I also know many several people who were denied at any ivy and went on to be among the most successful people in our field (which is most certainly different from yours). The ivies have such a reputation for not giving out tenure, that there is less of a stigma.

Anonymous said...

Anon @12:41 - it is well known in my field that several top universities almost never give tenure to their assistant faculty (I think of TT jobs there as 7-year postdocs). People who do well there are often snatched up by the other top universities, and their careers don't suffer.

Adam - That happened to me at the end of my 3rd year. Based on my experiences and what I've seen elsewhere, the result is highly dependent on your field and on the level of oversight the department has on their students (e.g. existence of a thesis committee beyond the advisor). In my case, since I had 2 years left and was well into my thesis research, I just continued with my advisor while he was on another continent... because he was given that 1 year to leave, but he opted to stay away. He was hard to reach, and it kind of sucked for me. If you are earlier in your graduate career, you might have to simply find another advisor.

John Vidale said...

On the prospects of being denied tenure: At less than a handful of schools, this still permits landing a decent tenure-track job. But at most schools, the combination of losing the tenure battle and being older than other candidates for asst prof positions limits options.

People in close touch with a perilous tenure decision often move rather than follow through to see the outcome, so the effect of a tough tenure process can be difficult to see from a distance.

A quick review of my field brings up only one person who rebounded to the top, but he returned to the crimson university that had denied him tenure just a few years later due to great community outrage and enthusiasm, and so hardly is a representative case.

HFM said...

@Anon #1:

In my field at least, several of the PrestigeU departments are known for giving tenure to only a small fraction of assistant profs - they don't need to, they have the money/name to recruit full profs from elsewhere. There are a fair number of "name" profs who did the seven-year post-postdoc at PrestigeU back in the day, and there's no particular shame in that.

Not everyone gets another R1 job after tenure denial - some don't get one, some don't want one - but those who do seem to be judged on "what have you done for me lately".

Anonymous said...

I agree with FSP that it is not your job to make the person you are talking to feel comfortable about your being denied tenure. This is especially so if you are talking to someone who had a vote on you. They are responsible for their vote, not you.

Though yes, it is your record they are voting on, sometimes the decision is not objective, about your record. And sometimes the reason given, if one is given, is a "cover" reason, not the real reason. So, it might be healthy for you to keep that in mind when evaluating your self and your record in light of the reason given for tenure denial.

FSP also raises the interesting question of whether the denial was anticipated or a surprise. It seems that the honorable thing to do on the part of the department is to signal the correct outcome, especially if it's going to be denial. If they signal tenure, then deny it, that suggests, to me at least, that the denial had more to do with politics than your record.

I wish the world did not warrant this kind of... suspicion, but it's just reality. Decisions about you don't always accurately reflect on you. So, don't let a negative decision rock your world more than is warranted.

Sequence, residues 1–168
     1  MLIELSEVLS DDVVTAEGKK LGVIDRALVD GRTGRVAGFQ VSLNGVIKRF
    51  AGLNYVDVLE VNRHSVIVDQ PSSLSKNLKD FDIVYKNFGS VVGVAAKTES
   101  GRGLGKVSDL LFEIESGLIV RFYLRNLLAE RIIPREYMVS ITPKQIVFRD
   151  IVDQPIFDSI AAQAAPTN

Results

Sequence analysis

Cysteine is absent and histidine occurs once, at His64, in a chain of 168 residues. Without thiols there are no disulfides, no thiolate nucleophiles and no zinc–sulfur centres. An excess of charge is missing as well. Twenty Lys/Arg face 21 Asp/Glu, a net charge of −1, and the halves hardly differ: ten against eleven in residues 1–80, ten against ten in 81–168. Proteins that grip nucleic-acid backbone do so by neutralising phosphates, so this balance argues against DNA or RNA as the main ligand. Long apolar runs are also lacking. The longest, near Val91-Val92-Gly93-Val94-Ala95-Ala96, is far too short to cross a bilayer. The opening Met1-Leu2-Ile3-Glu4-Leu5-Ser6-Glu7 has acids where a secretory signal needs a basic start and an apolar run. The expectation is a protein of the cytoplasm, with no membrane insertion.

GMP said...

Regarding Anon 12:41's question: We all know of a few PrestigeU's (Ivies or other private unis) that hire multiple assistant profs to kill each other in the race for one tenured position. It's no wonder and no shame not to get tenure in this scenario, and I can imagine that these people will get picked up by good state R1's and go on to have successful careers.

However, getting denied tenure at most schools, where one is hired with the intent to tenure (i.e. there are tenure slots available for each successful assistant prof hire) would, I believe, be a significant black mark on one's resume. At least in my (physical science) field.

Anonymous said...

Regarding the first comment, I was a graduate student at Harvard in two Departments where most folks did not get tenure. I can name at least two members of the National Academy who were either denied tenure or left before the decision (at the med school it could be 12+ years) because they felt their chances were nil. Many other folks went on to tenure track and tenured positions at other top notch places and were subsequently quite successful.

Over at the DARK BLUE institution across town from my current home, I also know a number of folks denied tenure who are successful scientists at top notch places.

At my own top 25 R1 University, which has much more reasonable guidelines, several of the folks who we have denied tenure have gone on to successful scientific careers at other institutions.

So it is possible!

Mark P

Aceon said...

Agreed - I know of several people who were denied tenure at one school and went on to great success somewhere else. It really was not a case of poor performance, but poor fit and everyone who knows the story gets that.

Anonymous said...

FSP, I think your advice is spot on, as someone who has been there. (I landed a job that was roughly lateral, but for many reasons has turned out to be a much better position than where I was denied).

First and foremost, the person denied tenure needs to look out for their own interests, and use this terminal year to do what they can to land on their feet the next year.

This doesn't mean necessarily ignoring people on campus, but at the same time, life on that campus is over and time should be focused on moving on. If people who were good colleagues or friends want to discuss the matter, then you should have a frank conversation with them and savor the companionship.